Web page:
A lot of times I feel a little despondent and helpless when I realize that what we have been doing through Focus India is a drop in the ocean. This thought particularly gains strength when there is a natural disaster. That is why I really appreciate emails like the one I am about to share. Isn’t it incredible and humbling to read how Rs.2800 can transform a poor woman’s life? Please read and share your thoughts.
The Ant’s Jagruti Cycle Bank
Amiron Nessa of Simlabari Village
32 year old Amiron Nessa got on a cycle for the first time in her life in a cycle learning camp organized by the ant for Muslim women in November 2008. She was one of the six women so inspired by the carnival like atmosphere of the camp – complete with music from loudspeakers – that she was cycling very well in 2 days time!
Schooled till Class 2, Amiron lives with her mother after she was deserted by her husband not long after marriage. She is the first Muslim women to take a cycle on loan from the Jagruti cycle bank. She now cycles 15 kms to and fro from Odalguri village to Bongaigaon town to work as a construction labour. She now earns over Rs.3000 a month (Rs 36000 p.a ). Amiron also taught cycling to her friend Ayesha, a widow with four children who also works as a construction labour. Ayesha had to endure 2 rounds of beating from her brother–in-law for daring to cycle. But that did not deter her from learning to cycle secretly. She has also taken a cycle on loan and the two are able to travel far for work.
After reading this I called Sunil Kaul, the founder of The ANT (www.theant.org) to understand more about the cycle bank and their other projects. It was an eye opening conversation and left me totally energized!
Sunil was telling me how the village had only men’s cycles and the Assamese women’s clothes did not permit them to ride men’s cycles. So, they bought women’s cycles in bulk, taught the women how to ride and gave them a loan to buy the bikes from them. Sunil said ANT did not give subsidies. Apart from the fact that subsidies encourage wastage of resources and make people dependant, he said the tribal people have a lot of dignity and self-respect and would rather take a loan.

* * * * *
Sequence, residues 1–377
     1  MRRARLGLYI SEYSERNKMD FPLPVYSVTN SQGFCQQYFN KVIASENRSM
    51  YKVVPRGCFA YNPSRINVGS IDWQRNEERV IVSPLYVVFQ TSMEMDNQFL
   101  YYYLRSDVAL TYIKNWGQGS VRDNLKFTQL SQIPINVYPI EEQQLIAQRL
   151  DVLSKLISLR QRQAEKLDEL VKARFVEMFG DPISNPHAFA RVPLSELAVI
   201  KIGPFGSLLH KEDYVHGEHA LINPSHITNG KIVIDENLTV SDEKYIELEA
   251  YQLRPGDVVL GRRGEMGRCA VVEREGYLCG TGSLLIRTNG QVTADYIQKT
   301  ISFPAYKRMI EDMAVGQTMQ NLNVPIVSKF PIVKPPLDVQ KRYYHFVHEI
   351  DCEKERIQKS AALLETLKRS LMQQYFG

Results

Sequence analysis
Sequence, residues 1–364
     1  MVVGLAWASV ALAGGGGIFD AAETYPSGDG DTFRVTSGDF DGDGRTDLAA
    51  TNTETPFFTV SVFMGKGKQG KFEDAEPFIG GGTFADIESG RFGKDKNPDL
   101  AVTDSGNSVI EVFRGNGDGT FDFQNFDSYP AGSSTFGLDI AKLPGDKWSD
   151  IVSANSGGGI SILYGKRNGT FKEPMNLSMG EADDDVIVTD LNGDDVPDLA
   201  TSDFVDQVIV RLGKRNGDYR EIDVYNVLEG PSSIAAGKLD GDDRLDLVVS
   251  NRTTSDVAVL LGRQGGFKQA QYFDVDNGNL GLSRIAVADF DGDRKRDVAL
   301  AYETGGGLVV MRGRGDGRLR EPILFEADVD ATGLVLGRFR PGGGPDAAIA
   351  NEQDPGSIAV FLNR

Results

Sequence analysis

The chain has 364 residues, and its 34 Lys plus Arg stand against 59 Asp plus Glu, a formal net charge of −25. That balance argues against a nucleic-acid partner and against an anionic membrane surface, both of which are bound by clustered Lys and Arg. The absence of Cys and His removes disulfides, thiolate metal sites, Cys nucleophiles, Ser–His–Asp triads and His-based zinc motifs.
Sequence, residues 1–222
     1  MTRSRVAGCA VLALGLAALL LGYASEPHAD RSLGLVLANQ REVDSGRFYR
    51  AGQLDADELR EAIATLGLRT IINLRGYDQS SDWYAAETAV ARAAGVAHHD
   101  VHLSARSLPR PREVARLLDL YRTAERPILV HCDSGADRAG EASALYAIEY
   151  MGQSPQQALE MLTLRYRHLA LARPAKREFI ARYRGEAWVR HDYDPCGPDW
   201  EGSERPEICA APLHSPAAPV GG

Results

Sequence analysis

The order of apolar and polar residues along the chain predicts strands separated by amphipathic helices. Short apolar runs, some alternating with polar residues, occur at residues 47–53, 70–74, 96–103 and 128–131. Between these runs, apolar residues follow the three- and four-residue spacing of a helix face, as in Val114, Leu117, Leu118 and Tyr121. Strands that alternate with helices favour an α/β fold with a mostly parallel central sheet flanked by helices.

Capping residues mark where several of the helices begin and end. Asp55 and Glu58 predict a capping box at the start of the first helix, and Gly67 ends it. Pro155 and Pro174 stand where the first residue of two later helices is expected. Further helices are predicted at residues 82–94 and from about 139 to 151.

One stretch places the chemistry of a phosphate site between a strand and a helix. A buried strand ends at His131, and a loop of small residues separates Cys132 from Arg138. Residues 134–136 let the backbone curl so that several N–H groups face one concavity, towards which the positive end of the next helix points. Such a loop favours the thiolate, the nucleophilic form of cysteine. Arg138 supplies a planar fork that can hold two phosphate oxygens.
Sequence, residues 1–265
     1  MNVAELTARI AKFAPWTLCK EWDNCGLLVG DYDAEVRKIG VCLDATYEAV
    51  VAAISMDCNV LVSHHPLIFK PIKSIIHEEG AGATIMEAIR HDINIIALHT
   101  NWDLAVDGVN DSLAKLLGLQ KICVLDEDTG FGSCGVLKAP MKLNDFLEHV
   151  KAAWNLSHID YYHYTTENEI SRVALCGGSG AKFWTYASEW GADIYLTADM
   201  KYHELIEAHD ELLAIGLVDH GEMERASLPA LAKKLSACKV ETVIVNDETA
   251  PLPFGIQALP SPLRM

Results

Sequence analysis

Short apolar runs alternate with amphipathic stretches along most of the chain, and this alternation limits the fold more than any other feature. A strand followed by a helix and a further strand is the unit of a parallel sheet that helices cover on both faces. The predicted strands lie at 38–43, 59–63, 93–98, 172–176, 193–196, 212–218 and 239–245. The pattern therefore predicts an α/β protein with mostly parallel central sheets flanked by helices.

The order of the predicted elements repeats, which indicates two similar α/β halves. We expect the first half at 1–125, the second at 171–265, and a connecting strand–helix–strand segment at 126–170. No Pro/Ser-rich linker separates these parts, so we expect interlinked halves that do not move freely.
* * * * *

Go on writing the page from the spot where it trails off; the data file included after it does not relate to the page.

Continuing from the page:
He told me that the cycle scheme enabled to go to work and that girl children were able to ride to a high school, which was far away. I believe that initially the Muslim community did not allow their women to participate. To entice them, ANT organized carnival like events where women cycled through the community carrying colorful flags, banners etc. Finally he was able to get them to participate as well.
The other project ANT has is solar lighting. Each household is given a solar panel, which comes with two lights, one night lamp and one mobile charger. This whole package costs Rs.4000. This is not given free of cost either. The villagers have to pay it back in one to two years. What was interesting was that he said the organization which makes this solar light is a Trust and has given this free to several villages through corporate sponsorships. I believe the villagers use it and if there is any problem they just junk it. In contrast, since ANT’s beneficiaries pay for it, they come back and give specific feedback. This has actually helped the company improve and innovate! This is an important lesson to remember about giving things free to the poor. If it is free, it carries no value.
I hope Focus India can work with ANT next year.